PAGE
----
WHISTLEBLOWER 15977-18W v. COMMISSIONER OF INTERNAL REVENUE

Docket No. 15977-18W.

T.C. Memo. 2021-143

WHISTLEBLOWER 15977-18W, Petitioner, v. COMMISSIONER OF INTERNAL REVENUE, Respondent.

United States Tax Court.

Filed December 29, 2021.


Attorney(s) appearing for the Case

Sarah A. Herson and Mark A. Nelson , for respondent.


MEMORANDUM OPINION

Petitioner initiated this whistleblower action under section 7623(b)(4) seeking review of a determination by the Internal Revenue Service (IRS) Whistleblower Office (WBO) rejecting petitioner's claim for an award. Unless otherwise indicated, all section references are to the Internal Revenue Code, as amended and in effect at all relevant times, and all Rule references are to the Tax Court Rules of Practice and Procedure.

Pending before the Court are: (1) respondent's motion for summary judgment, with a supporting declaration submitted by Keith Dehart, a manager in the WBO Initial Claims Evaluation Unit (ICE), (2) petitioner's motion to remand, including a request for the opportunity to perfect the claim, with a supporting declaration, and (3) respondent's motion for leave to file amendment to answer to petition, as amended (sometimes motion for leave).

Petitioner filed a response in opposition to respondent's motion for summary judgment, with a declaration, followed by a supplemental response and supplemental declaration. Petitioner likewise filed an objection to respondent's motion for leave, with a declaration. Respondent filed a reply to petitioner's response to respondent's motion for summary judgment and a response in opposition to petitioner's motion to remand.

As explained in detail below, we will deny petitioner's motion to remand, deny respondent's motion for leave, and grant respondent's motion for summary judgment.

Background

The administrative record, as certified by respondent, comprises petitioner's Form 211, Application for Award for Original Information, narrative statements and exhibits petitioner submitted in support of the claim, and four documents the WBO generated in connection with the evaluation and rejection of petitioner's claim: (1) a letter acknowledging receipt of petitioner's Form 211, (2) a claim action listing transcript, (3) an award recommendation memorandum (ARM) prepared by a classification researcher, and (4) a final ARM prepared by a tax examining technician.

I. Petitioner's Form 211

In early September 2017 the WBO received petitioner's Form 211, which was signed and dated July 29, 2017. Petitioner provided information to the WBO attempting to show that a certain individual (target) was a dual citizen of the United States and Country X and was subject to, but failed to pay, substantial amounts of various Federal taxes. In support of that claim petitioner provided a copy of the target's birth certificate showing that the target was born in the United States, information about the target's parents' activities in the United States at the time of the target's birth, details about how the target rose to a position of prominence and influence in Country X, and information about the target's various assets and family wealth. In the space on Form 211 reserved for the target's Social Security number, petitioner entered "N/A Foreign National".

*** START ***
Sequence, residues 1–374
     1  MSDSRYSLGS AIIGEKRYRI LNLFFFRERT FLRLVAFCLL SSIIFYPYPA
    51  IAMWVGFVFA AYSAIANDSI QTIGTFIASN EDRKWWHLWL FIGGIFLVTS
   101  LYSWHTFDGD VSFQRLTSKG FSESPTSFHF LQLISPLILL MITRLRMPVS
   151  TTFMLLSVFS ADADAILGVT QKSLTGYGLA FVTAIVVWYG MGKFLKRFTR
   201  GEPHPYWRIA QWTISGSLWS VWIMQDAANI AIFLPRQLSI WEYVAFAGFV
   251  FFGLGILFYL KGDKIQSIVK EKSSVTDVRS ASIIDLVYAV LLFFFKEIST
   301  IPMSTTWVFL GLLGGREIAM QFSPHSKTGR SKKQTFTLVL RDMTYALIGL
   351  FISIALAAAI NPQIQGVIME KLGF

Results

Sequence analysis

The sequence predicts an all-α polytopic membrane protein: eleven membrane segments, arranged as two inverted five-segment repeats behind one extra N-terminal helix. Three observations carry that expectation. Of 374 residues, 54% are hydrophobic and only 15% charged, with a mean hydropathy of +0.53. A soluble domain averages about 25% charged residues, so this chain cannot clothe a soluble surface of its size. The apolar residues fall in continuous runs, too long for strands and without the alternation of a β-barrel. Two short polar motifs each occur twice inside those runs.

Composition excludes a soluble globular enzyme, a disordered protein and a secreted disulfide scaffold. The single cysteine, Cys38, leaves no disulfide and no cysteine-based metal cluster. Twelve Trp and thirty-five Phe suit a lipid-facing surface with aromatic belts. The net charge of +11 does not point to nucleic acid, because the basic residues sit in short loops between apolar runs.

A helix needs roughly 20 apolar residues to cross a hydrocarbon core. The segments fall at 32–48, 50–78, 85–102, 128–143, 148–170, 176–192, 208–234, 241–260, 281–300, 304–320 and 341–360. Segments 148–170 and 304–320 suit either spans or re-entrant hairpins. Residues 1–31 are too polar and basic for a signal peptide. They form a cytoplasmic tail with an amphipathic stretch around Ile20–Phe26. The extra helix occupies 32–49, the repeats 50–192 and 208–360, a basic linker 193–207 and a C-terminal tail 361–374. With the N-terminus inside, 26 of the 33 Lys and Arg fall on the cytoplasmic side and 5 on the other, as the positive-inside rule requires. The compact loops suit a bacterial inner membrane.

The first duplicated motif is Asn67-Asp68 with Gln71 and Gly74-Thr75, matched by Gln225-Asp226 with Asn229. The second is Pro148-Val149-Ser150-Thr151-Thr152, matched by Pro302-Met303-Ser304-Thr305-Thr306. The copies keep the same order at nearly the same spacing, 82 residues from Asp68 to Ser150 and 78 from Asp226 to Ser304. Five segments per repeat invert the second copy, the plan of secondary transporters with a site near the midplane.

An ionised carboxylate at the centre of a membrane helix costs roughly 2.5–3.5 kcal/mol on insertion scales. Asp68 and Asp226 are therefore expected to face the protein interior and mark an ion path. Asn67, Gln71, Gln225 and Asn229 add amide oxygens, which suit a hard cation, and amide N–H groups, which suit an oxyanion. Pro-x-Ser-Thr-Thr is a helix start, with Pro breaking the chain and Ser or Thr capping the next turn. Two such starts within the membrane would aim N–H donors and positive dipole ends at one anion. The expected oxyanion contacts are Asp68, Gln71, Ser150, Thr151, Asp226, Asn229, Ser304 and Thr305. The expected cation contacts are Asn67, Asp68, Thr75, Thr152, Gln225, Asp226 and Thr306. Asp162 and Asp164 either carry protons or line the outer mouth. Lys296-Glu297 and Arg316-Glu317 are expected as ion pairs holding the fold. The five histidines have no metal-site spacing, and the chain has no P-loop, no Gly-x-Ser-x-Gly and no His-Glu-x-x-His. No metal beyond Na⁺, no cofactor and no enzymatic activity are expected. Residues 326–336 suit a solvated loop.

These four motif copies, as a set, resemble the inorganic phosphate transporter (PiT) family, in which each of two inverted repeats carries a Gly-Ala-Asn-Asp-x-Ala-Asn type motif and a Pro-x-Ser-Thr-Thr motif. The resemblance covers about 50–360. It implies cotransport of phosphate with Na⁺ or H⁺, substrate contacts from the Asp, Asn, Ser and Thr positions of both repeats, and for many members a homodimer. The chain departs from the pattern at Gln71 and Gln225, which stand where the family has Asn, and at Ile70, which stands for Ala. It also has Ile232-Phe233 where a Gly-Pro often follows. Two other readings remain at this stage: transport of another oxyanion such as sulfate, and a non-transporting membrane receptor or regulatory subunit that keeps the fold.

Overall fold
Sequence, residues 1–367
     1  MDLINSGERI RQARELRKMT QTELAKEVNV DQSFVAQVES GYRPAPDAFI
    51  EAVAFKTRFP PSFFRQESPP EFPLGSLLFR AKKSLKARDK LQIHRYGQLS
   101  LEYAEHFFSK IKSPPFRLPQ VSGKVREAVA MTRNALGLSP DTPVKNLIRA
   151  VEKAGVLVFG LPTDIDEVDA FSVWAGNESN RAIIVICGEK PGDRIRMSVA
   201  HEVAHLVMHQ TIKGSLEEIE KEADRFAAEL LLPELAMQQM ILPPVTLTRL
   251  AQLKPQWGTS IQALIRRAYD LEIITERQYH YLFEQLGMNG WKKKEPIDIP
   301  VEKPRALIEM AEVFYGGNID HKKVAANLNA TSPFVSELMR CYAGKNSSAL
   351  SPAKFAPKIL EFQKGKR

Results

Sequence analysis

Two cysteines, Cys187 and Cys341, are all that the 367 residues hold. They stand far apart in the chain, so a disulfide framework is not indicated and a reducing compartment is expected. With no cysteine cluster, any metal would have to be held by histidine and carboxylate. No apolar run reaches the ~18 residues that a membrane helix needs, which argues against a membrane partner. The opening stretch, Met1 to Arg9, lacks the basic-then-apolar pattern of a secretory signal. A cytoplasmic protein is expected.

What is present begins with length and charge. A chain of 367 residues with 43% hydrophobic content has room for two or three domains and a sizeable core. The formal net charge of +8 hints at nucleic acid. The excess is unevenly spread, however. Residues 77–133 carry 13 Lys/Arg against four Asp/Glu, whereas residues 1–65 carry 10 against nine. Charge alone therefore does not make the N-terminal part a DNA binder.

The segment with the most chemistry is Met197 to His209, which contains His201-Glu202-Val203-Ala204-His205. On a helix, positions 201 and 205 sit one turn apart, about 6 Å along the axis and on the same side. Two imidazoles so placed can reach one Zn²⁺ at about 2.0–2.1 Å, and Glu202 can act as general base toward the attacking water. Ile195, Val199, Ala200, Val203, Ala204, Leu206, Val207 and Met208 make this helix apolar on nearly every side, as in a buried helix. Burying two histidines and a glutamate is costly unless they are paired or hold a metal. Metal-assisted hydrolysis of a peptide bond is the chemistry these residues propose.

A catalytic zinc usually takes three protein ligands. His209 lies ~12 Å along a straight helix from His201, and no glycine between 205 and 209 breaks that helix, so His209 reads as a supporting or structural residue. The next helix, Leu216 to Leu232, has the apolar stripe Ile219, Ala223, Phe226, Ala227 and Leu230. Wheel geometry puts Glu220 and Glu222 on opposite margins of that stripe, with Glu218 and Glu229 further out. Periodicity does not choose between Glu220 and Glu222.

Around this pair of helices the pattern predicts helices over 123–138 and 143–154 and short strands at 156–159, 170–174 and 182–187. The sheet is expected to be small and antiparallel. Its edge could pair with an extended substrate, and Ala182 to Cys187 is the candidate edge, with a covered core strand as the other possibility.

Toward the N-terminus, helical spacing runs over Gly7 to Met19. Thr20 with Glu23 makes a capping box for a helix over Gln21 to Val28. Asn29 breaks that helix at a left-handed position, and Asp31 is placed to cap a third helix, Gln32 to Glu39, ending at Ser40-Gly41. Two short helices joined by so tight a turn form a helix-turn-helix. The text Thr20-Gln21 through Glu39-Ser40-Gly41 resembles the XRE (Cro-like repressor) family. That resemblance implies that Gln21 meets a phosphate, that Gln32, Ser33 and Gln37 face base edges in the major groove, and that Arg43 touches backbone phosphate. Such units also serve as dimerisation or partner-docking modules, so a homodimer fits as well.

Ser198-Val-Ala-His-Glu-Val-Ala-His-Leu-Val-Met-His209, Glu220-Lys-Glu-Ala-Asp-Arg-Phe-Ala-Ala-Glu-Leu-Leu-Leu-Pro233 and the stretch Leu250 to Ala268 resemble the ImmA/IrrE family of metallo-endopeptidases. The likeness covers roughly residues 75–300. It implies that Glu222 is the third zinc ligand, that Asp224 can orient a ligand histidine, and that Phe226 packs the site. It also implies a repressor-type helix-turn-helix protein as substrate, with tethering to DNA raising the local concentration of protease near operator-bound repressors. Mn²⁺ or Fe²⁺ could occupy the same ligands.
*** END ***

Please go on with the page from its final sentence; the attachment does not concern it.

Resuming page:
Petitioner could find no public record that the target ever exercised any of the fundamental rights or privileges of a U.S. citizen, including obtaining a Social Security number or a passport. Petitioner also emphasized that there was no public record that the target ever renounced U.S. citizenship. With these points in mind, petitioner opined that the target may not have been aware of the target's status as a U.S. citizen, and if so, petitioner suggested that the target could not have knowingly surrendered U.S. nationality under any of the provisions related to expatriating acts set forth in 8 U.S.C. sec. 1481 (2018).1

II. WBO Administrative Action

A. Acknowledgement Letter

After receiving petitioner's Form 211, the WBO sent an acknowledgment letter to petitioner assigning WBO claim No. 2018-000013 to the claim.

B. Transcript

The WBO maintained a transcript that provides a chronological list of the actions taken by various WBO personnel in respect of petitioner's claim, including comments related to those actions.

On October 2, 2017, Julie Skidmore, a tax examining technician, made the following transcript entries: "UNABLE TO LOCATE TP'S SSN. Could not research WB for employee-Foreign citizen", "Sent to Classifier", and "3210 was done for this. Large claim."

On October 4, 2017, Bret Thurman made the following transcript entry: "1st Read: Forward to Classification". Mr. Thurman is not identified in the record, but he apparently served as a classifier and was charged with determining whether petitioner's information warranted further review. See Internal Revenue Manual (IRM) pt. 25.2.2.4.2 (Aug. 7, 2015).

On October 11, 2017, Scott Martin, a classifier assigned to the Small Business/Self Employed Operating Division (SB/SE), made the following transcript entries: "Classifier: Allegations meet 7623(a) criteria", "Classifier: Claim Rejected", and "Reject the Claim: Allegations are not specific, credible or are speculative — Allegations are not credible."

On October 17, 2017, Ashlee Brown, a tax examining technician, made the following transcript entries: "Award Recommendation Memo" and "Streamlined approval under Delegation Order, dated July 14, 2016".